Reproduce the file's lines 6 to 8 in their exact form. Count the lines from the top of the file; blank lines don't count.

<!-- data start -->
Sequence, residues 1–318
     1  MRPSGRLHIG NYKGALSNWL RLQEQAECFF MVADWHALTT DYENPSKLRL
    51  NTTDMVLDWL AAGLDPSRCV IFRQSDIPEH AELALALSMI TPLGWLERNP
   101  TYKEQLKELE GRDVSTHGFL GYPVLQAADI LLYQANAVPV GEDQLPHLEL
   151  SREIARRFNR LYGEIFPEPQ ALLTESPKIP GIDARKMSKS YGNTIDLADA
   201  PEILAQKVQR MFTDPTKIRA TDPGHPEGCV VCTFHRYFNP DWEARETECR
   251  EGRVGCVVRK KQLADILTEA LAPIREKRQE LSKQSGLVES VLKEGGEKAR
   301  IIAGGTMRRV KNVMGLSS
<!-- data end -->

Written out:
   201  PEILAQKVQR MFTDPTKIRA TDPGHPEGCV VCTFHRYFNP DWEARETECR
   251  EGRVGCVVRK KQLADILTEA LAPIREKRQE LSKQSGLVES VLKEGGEKAR
   301  IIAGGTMRRV KNVMGLSS